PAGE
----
Friday, October 29, 2010

The Things I Want My Kids to Know

I've been thinking a lot lately about how I look at the world and how the world views me.  I've also been thinking a lot about what kind of people I would like my kids to be.  So, I thought I would share some simple rules to live by that I have learned, mostly over the last ten years, but some of them very recently.  It would appear you never really stop learning.  When my kids are trying to make their way through this hazardous maze we call life, these are some of the more important things I want them to know:

1.  Not everything is about you.  Think about what might be going on with someone else before you assume anything about them and the way they're acting (or have acted) toward you.  If someone hasn't been nice to you, there might be a reason that you don't even know about and has nothing to do with you.  They might not even have said or done what you think they did.  Or it might be all about you, but for God's sake, pick the right way to go about addressing it.  Act maturely and you're more likely to get the reaction you want. 

2.  Treat other people the way you want them to treat you.  If you're taking an action that you would be mortified if you saw it done by someone else, don't do it.

3.  Always act like the person who means the most to you in the entire world is looking over your shoulder.  I'm convinced that if you thought your mother, your spouse, your child was watching your every action, you'd never do anything you might later regret.

4.  Treat the people you are supposed to love the most like you treat strangers (or, better yet, better).  I've noticed that most people are utterly polite and nice to people they don't know and tend to let fly with the people for whom they state they would give their lives, if in danger.  Do we really care more about what strangers think of us than our parents, spouses, children?

5.  Don't come home and kick the dog, so to speak.  If you've had a lousy day, take the longer route home.  When you get there, go for a walk or get into the tub.  But don't pass bad feelings along to your family.  They have no idea why you're being a jerk when you walk in the door with all that negativity.  Why not leave it at the doorstop and make your home a sanctuary of good feelings?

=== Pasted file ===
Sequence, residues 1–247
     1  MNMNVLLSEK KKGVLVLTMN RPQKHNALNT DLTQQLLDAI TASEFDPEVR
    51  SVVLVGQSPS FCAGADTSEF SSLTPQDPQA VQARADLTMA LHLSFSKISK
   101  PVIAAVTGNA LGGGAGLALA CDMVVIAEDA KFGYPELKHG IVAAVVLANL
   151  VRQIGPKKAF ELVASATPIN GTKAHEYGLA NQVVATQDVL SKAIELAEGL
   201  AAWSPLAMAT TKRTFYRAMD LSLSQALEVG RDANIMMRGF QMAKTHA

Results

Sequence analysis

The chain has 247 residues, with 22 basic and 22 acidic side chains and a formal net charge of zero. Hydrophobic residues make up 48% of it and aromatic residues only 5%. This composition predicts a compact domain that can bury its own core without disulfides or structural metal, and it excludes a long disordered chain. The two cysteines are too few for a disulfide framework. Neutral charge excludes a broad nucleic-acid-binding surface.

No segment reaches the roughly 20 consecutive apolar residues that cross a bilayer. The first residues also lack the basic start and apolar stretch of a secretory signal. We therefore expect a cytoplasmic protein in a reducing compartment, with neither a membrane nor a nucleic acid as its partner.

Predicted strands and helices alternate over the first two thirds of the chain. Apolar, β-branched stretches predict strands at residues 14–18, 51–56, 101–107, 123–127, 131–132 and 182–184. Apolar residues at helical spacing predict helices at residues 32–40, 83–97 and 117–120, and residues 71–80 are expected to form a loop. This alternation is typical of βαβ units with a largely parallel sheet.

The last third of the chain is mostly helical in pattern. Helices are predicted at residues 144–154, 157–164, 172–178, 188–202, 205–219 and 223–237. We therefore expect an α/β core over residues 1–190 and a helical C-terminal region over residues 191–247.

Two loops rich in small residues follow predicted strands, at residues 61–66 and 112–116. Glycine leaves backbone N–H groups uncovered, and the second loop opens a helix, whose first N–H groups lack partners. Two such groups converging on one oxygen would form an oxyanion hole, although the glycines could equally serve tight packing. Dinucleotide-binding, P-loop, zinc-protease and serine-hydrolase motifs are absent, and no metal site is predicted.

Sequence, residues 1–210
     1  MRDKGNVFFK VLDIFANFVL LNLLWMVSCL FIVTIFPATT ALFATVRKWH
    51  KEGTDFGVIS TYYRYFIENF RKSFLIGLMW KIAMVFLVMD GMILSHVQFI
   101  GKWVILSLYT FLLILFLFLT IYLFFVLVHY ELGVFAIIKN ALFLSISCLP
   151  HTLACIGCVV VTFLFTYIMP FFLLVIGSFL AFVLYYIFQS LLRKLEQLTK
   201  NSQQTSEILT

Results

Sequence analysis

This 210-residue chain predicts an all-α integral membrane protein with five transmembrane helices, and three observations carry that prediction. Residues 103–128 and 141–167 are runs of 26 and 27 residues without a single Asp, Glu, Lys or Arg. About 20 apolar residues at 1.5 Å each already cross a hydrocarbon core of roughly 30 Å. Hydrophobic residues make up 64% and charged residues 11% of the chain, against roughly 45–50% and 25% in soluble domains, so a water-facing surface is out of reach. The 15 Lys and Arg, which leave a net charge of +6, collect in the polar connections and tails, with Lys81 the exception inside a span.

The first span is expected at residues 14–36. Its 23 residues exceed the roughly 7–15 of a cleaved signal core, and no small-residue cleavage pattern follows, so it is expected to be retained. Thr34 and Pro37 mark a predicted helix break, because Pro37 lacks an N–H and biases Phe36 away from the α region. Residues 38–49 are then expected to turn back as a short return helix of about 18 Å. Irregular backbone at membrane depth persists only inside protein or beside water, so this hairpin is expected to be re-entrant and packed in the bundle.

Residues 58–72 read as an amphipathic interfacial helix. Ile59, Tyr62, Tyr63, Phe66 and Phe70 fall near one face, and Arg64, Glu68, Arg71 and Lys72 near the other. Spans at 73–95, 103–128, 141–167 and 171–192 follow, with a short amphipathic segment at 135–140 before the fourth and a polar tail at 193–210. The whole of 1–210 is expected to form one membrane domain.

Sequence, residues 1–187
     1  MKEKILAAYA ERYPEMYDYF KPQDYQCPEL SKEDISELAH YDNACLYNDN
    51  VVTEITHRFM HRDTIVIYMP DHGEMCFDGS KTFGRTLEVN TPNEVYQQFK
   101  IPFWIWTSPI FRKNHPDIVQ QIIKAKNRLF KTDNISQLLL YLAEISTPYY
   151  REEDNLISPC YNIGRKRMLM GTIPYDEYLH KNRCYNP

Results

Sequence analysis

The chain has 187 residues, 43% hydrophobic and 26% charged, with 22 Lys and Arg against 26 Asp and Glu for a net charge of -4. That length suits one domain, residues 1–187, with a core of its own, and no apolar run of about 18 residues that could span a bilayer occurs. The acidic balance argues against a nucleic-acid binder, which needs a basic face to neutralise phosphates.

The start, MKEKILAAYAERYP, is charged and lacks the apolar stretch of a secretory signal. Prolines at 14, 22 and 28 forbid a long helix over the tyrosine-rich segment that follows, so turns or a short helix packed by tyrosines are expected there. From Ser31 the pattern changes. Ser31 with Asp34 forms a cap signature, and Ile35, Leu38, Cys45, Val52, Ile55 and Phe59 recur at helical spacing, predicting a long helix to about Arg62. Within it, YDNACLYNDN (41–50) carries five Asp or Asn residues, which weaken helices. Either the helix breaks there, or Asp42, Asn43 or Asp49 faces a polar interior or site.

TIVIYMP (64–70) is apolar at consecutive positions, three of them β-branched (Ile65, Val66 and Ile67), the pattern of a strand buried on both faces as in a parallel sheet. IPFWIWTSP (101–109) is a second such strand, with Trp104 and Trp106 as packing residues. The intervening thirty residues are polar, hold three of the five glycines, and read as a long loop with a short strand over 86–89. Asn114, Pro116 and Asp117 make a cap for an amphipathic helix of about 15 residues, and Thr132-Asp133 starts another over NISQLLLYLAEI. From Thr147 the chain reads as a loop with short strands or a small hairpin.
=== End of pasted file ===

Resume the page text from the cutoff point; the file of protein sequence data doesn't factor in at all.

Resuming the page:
6.  Don't expect everyone to like you.  They're not going to.  I've told my kids over and over that no one is ever going to love them the way their mother does and it's true.  And for God's sake, if someone doesn't like you, don't waste your time trying to make them like you.  It's time you will never get back.  You're a unique, special person just the way you are and it doesn't matter if everyone likes you or not. 

7.  Remember that we're put on this earth for a limited time.  Make sure you do the things you really want to do, because you only get one shot at it. And yes, you're probably going to need a decent education for that.

8.  Don't be unrealistic in your expectations and don't assume that because you act a certain way, someone else is going to act a certain way back.  Other people are not you and can't read your mind.  Speak up if there's something you need or want and you may or may not get it.  But don't think that something's going to happen, just because you think it should.

9.  If there's something you don't think you can do, try it anyway.  You probably can do it and are just not giving yourself enough credit.  Or maybe you can't, but isn't it better to at least try?  You might surprise yourself.  Yes, it's a way to be disappointed occasionally, but sometimes you just might succeed and then you'll have something to be really proud of.  And if you fail, at least you tried.

10.  Most importantly, love yourself.  Yes, you're going to make mistakes.  Everybody does, because nobody always remembers (or even usually remembers) rule number 3 above.  Forgive yourself for your mistakes and move on.  Once you grow up, the world can be a hostile place, so treat yourself nicely.  After all, you want that from everyone else.  Why not start with doing it for yourself?

This is certainly not a finished list, by any means.  I am forty-six and still learning new things every day, so stay tuned.

6 comments:

  1. I sure hope that Nancy reads number 10.

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  2. Kari, isn't number 10 really the hardest one? Sometimes, it's so easy to just feel downright unlovable, but if we don't love ourselves, how can anyone else? This is a hard lesson for me and I'm still working on it. My mother always said I'm my own worst enemy and she was, as always, oh so right!

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  3. I love this post! I think I'm going to start my day from now on reading it before I say anything to anyone!! :)

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  4. Aw, Stacey, thank you so much!

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  5. Nancy feels unlovable just about every waking minute. If you ever met her in person, you would think she's crazy for feeling that way. She's very sweet. Makes no sense.

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  6. Kari, she seems very sweet and lovable on Facebook and I hope to meet her someday. Tell her to tape this list to your refrigerator and be nicer to herself.

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